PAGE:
PHILADELPHIA (AP) - It may be a cliché, but Matthew Christopher firmly believes a picture is worth a thousand words.
When the photographer tries to tell people about the beauty he finds in abandoned buildings, people don’t quite understand, he says, often looking at him as if he were “bonkers.”
But when Christopher brings a camera with him to capture the beauty he sees in these abandoned buildings, people begin to see what he sees.
“If you can show somebody what makes a place special or unique or interesting, it goes so much further than telling them why,” he said.
Christopher, 36, is a Philadelphia-based photographer who specializes in depicting abandoned buildings as part of his project “Abandoned America.”
He’s been through hundreds of abandoned buildings - churches, schools, silk mills, hotels, factories, an old Hershey chocolate factory that was under demolition, and the plant for the Packard Motor Car Co. in Detroit, one of the largest abandoned sites in North America.
But it all started with an abandoned hospital: Philadelphia State Hospital at Byberry.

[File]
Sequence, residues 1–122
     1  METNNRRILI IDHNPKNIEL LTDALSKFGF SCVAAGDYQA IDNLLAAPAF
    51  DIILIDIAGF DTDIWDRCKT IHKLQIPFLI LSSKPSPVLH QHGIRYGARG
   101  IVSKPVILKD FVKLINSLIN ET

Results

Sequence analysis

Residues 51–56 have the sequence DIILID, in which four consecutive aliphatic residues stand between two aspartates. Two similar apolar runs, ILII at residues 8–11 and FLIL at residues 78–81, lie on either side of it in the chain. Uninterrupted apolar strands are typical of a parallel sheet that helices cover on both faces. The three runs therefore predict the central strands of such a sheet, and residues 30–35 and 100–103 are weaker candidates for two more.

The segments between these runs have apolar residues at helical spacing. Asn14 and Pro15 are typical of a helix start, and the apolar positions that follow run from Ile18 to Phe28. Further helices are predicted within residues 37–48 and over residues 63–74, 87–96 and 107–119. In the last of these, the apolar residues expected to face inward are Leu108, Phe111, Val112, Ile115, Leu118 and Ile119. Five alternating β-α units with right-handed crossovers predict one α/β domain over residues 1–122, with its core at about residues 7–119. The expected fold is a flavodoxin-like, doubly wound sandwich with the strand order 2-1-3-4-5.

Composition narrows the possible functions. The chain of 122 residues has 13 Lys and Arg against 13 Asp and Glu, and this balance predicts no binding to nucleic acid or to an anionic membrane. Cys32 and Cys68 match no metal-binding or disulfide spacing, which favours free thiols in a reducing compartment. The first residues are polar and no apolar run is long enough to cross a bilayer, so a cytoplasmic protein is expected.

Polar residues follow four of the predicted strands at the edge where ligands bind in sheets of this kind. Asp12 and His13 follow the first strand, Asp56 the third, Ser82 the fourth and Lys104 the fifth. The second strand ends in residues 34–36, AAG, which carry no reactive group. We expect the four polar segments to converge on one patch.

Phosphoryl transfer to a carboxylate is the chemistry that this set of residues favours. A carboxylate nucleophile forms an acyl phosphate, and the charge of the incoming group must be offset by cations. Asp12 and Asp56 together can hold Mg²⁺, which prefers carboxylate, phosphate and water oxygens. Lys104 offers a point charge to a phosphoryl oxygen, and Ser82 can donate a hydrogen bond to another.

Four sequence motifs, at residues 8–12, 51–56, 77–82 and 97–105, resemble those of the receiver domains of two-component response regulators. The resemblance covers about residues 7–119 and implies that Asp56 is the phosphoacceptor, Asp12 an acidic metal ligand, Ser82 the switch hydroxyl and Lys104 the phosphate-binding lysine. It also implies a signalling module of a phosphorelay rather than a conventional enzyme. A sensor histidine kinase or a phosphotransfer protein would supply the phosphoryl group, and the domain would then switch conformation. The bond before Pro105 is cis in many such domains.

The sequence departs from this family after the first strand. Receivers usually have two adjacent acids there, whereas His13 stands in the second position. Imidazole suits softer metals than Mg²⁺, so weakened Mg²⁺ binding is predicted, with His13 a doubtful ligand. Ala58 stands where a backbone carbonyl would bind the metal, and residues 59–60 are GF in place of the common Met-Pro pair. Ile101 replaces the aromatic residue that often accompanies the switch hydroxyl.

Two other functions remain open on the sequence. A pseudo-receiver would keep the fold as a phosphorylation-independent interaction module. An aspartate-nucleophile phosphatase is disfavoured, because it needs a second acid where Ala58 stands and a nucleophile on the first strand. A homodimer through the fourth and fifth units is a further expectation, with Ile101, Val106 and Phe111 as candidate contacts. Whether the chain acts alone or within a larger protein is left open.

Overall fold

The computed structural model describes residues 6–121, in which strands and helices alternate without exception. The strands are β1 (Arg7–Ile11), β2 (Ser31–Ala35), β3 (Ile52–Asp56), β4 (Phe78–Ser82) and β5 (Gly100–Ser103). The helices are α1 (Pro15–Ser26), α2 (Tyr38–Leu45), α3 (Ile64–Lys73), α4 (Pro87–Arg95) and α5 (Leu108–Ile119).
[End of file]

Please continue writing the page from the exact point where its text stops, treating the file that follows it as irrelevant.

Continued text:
When he was in his early 20s, Christopher, whose given name is Michael Murray, worked in the mental health field and was researching how care for the mentally ill had evolved. He found someone to give him a tour of the abandoned facility and was immediately hooked.
That was before Christopher had taken an interest in photography - he didn’t bring a camera with him the first time he visited Byberry. He eventually went back with a camera, but he was new to photography at the time, so the quality of that work doesn’t quite compare to the pictures he takes today.
One of his biggest regrets, Christopher said, is that he doesn’t have any good pictures of Byberry. And he’s not going to get them - the building has since been demolished.
After his experience at Byberry, Christopher began to teach himself photography. A few years later, he created a website to highlight his work, calling it “Abandoned America.”
But there was a limit to what he could teach himself. So he went back to school, and in 2012 earned a master of fine arts in photography from Rochester Institute of Technology.
In his younger years, Christopher preferred to draw. He didn’t have much respect for photography until he tried it out for himself.
“I thought photography was a pseudo-art,” he said. “You know, you just point your camera at something and press the button and there you go, it’s done.”
Now, Christopher said, he knows better.